Numbered instrumental progressions comprise this third and self-titled offering from Peruvian trio Ancestro (issued through Necio Records and Forbidden Place Records), and the effect of the album being arranged in such a fashion is that it plays through as one long piece, the cascading volume changes of “II” feeding back into the outset count-in of the speedier “III” and so on. Each piece of the whole has its own intention, and it seems plain enough that the band composed the sections individually, but they’ve been placed so as to highlight the full-album flow, and as Ancestro move from “IV” into “V” and “VI,” with songs getting longer as they go en route to that engrossing and proggy 13-minute closer, their success draws from their ability to harness the precision and maybe even a little of the aggression of heavy metal and incorporate it as part of an execution both thoughtful and no less able to be patient when called for by a given piece. Hard-hitting psychedelia is tough to pull off, but Ancestro‘s Ancestro is no less spacious than terrestrial.

Ancestro on Thee Facebooks

Necio Records on Bandcamp

Forbidden Place Records on Bandcamp

 

Hellhookah, The Curse

hellhookah the curse

In 2016, Lithuanian two-piece Hellhookah made it no challenge whatsoever to get into the traditionalist doom of their debut album, Endless Serpents (review here), and the seven songs of The Curse make for a welcome follow-up, with an uptick in production value and the fullness of the mix and a decided affinity for underground ’80s metal in cuts like “Supremacy” and “Dreams and Passions” to coincide with the Dio-era-Sabbath vibes of centerpiece “Flashes” and the nodding finisher “Greed and Power,” which follows and contrasts “Dreams and Passions” in a manner that feels multi-tiered in its purpose. Departing from some of the Vitus-ness of the first full-length, The Curse adopts a more complex tack across its 38 minutes, but its heart and its loyalties are still of doom, by doom, and for the doomed, and that suits them just fine. Crucially, their lack of pretense carries over, and their love of all things doomed translates into every riff and every stretch on offer. If you’d ask more than that of them, well, why?

Hellhookah on Thee Facebooks

Hellhookah on Bandcamp

 

Daisychain, Daisychain EP

Daisychain Daisychain EP

Bluesy in opener “Demons,” grunge-tinged in “Lily” and fuzz-folk-into-’70s-soul-rock on “How Can I Love You,” Daisychain‘s self-titled debut EP wants little for ambition from the start, but the Chicago-based four-piece bring a confidence to their dually-vocalized approach that unites the material across whatever stylistic lines it treads, be it in the harmonies of the midtempo rocker “Are You Satisfied” or the righteously languid “Fake Flowers,” which follows. With six songs and 21 minutes, the self-released outing is but a quick glimpse at what Daisychain might have in store going forward, but the potential is writ large from the classic feel of “Demons” to the barroom spirit of closer “The Wrong Thing,” which reminds that rock and roll doesn’t have to sacrifice efficiency in order to make a statement of its own force. There’s plenty of attitude to be found in these songs, but beneath that — or maybe alongside it — there’s a sense of an emergent songwriting process that is only going to continue to flourish. What they do with the momentum they build here will be interesting to see/hear, but more than that, they’re developing a perspective and persona of their own, and that speaks to a longer term ideal. To put another way, they don’t sound like they’re half-assing it.

Daisychain on Thee Facebooks

Daisychain on Bandcamp

 

The Burning Brain Band, The Burning Brain Band

The Burning Brain Band The Burning Brain Band

Capping with a slide-tinged take on the traditional “Parchman Farm” (see also: Blue Cheer, Cactus, etc.), Ohio’s The Burning Brain Band‘s self-titled debut casts a wide net in terms of influences, centering the penultimate “The Dreamer” around 12-string acoustic guitar on an eight-minute run that’s neither hurried nor staid, but all the more surprising after the electronica-minded “Interlude (Still Running),” which, at four minutes is of greater substance than one might expect of an interlude just as the seven-and-a-half-minute warm-up “Launch Sequence” is considerably broader than one generally considers an intro to an album. There isn’t necessarily a foundational basis from which the material emanates — though “Brain Food” is an effective desert-ish rocker, it moves into the decidedly proggier “Bolero/Floating Away” — but “Launch Sequence” is immersive and the four-piece bring a performance cohesion and a clarity of mindset to the proceedings of this debut that may not unite the songs, but carries the listener through with a sure hand just the same. Who ever said everything on a record had to sound alike? For sure not The Burning Brain Band, who translate the mania of their moniker into effective sonic variety.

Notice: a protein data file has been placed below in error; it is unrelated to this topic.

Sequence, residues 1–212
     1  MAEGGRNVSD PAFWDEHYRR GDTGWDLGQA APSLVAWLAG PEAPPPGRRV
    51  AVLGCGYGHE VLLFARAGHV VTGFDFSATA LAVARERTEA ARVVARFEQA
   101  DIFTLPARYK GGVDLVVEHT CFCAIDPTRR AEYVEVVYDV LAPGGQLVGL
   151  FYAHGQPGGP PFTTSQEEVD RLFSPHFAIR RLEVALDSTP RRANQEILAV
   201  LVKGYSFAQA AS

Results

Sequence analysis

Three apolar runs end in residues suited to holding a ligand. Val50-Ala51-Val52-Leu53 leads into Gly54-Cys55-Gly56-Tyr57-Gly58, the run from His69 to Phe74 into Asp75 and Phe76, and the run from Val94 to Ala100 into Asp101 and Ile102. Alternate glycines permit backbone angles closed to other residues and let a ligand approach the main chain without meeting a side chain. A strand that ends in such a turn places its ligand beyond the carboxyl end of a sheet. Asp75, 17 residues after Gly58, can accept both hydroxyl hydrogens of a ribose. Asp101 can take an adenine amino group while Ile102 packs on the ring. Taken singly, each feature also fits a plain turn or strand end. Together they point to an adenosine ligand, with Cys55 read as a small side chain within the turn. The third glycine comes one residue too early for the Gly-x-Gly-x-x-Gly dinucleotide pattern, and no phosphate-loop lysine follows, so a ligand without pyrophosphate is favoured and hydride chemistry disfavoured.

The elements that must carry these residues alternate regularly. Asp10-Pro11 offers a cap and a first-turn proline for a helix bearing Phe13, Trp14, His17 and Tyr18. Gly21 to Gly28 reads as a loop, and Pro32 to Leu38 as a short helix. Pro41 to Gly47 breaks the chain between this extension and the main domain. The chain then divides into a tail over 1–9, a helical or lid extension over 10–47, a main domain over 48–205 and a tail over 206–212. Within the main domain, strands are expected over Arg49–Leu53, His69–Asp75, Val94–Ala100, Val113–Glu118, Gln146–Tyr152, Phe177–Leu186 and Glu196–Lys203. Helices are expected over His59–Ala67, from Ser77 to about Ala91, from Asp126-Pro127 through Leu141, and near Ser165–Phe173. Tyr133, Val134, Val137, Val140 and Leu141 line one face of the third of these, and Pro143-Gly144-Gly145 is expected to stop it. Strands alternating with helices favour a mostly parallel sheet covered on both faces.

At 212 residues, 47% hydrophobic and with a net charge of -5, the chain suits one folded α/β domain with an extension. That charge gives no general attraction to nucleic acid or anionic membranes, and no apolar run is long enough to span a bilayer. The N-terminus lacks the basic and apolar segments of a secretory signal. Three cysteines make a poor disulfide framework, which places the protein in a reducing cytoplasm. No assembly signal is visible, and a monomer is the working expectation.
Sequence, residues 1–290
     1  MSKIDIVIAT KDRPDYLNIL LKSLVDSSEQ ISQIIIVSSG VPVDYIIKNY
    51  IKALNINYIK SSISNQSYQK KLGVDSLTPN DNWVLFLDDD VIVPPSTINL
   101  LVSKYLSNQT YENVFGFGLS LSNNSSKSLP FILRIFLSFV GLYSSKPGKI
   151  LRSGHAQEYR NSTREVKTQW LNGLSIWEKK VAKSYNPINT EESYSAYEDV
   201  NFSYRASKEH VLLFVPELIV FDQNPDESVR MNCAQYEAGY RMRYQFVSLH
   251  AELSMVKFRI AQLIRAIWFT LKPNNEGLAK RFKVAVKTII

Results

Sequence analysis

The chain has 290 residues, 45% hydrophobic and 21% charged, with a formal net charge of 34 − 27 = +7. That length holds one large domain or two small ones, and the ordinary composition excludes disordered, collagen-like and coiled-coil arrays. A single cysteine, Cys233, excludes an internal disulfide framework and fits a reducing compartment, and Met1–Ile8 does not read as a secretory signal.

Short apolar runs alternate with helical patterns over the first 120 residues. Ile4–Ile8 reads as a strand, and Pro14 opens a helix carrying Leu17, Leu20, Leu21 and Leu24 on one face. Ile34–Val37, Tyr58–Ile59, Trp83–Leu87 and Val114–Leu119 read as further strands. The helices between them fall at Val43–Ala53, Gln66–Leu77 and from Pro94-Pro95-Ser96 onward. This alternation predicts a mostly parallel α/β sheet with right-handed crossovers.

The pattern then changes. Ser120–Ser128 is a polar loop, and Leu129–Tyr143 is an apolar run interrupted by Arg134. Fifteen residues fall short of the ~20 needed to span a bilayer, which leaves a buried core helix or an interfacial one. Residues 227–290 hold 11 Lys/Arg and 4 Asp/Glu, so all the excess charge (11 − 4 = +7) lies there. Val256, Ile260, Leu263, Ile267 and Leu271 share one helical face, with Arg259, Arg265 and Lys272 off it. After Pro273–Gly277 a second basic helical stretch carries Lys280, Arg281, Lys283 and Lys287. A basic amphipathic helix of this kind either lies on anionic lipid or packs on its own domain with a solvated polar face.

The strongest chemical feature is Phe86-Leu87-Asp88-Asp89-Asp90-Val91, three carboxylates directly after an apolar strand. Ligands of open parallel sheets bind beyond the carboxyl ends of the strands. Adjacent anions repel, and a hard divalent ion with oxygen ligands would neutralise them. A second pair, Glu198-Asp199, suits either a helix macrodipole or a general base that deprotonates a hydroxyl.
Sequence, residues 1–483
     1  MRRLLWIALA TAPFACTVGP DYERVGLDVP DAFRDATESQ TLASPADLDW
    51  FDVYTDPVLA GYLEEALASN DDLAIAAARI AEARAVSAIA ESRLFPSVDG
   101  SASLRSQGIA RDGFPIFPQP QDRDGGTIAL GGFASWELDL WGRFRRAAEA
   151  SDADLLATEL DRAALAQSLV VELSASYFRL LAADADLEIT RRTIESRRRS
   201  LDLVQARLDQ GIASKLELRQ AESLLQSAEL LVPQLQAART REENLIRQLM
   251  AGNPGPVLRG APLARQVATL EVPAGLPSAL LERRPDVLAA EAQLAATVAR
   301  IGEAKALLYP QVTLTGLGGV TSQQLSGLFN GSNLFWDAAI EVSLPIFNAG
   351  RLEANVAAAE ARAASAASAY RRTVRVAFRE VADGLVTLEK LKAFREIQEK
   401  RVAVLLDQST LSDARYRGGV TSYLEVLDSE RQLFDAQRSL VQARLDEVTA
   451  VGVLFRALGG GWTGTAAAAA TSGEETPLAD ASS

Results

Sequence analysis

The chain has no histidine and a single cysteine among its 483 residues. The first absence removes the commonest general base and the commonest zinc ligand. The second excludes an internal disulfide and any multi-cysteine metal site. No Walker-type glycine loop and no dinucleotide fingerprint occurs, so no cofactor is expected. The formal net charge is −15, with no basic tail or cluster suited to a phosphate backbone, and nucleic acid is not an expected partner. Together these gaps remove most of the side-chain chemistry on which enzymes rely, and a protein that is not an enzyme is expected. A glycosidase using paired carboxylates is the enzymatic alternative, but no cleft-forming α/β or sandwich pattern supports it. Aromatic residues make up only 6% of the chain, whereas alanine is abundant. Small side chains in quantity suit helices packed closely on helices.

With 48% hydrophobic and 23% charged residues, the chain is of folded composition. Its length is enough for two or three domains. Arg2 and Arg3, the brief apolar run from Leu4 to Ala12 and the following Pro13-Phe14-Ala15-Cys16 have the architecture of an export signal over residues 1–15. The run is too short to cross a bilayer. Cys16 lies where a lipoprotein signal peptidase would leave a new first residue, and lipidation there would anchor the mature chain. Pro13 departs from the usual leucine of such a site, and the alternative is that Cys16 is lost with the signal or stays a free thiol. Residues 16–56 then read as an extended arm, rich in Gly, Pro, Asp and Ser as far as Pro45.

The Burning Brain Band on Thee Facebooks

The Burning Brain Band on Bandcamp

 

Slump, Flashbacks From Black Dust Country

Slump Flashbacks from Black Dust Country

Count Slump in a freakout psych renaissance, all punk-out-the-airlock and ’90s-noise thisandthat. Delivered through Feel It Records, the Richmond, Virginia, outfit’s debut, Flashbacks From Black Dust Country indeed touches ground every now and again, as on “Desire Death Drifter,” but even there, the vocals are so soaked wet with echo that I’m pretty sure they fucked up my speakers, and as much as “Tension Trance” tries, it almost can’t help but be acid grunge. In an age of nihilism, Slump aren’t so much unbridled as they are a reminder of the artistry behind the slacker lean, and in the thrust of “(Do The) Sonic Sprawl” and the far-out twist of “Throbbing Reverberation,” they affirm that only those with expanded minds will survive to see the new age and all the many spectral horrors it might unfurl. Can it be a coincidence that the album starts “No Utopia?” Hardly. I’m not ready to call these cats prophets, but they’ve got their collective ear to the ground and their boogie is molten-core accordingly. Tell two friends and tell them to tell two friends.

Feel It Records on Thee Facebooks

Feel It Records on Bandcamp

 

Canyon, EP III

canyon ep iii

It’s a ripper, inciting Larry David-style “prettay good” nods and all that sort of approval whatnot. If you want to think of Canyon as Philly’s answer to Memphis’ Dirty Streets, go ahead — and yes, by that I mean they’re dirtier. EP III boasts just three tracks in “No Home,” “Tent Preacher” and “Mountain Haze,” but with it the classic-style trio backs up the power they showed on 2018’s Mk II (review here), tapping ’70s blues rock swagger for the first two tracks and then blowing it out in a dreamy Zeppelin/Rainbow jam that’s trippy and righteous and right on and just plain right. Maybe even right-handed, I don’t know. What I do know is that these guys should’ve been picked up by some duly salivating label like last week already and they should be putting together a full-length on the quick. They’ve followed-up EP III with a stonerly take on The Beatles‘ “Day Tripper,” and that’s fun, but really, it’s time for this band to make an album.

Canyon on Thee Facebooks

Canyon on Bandcamp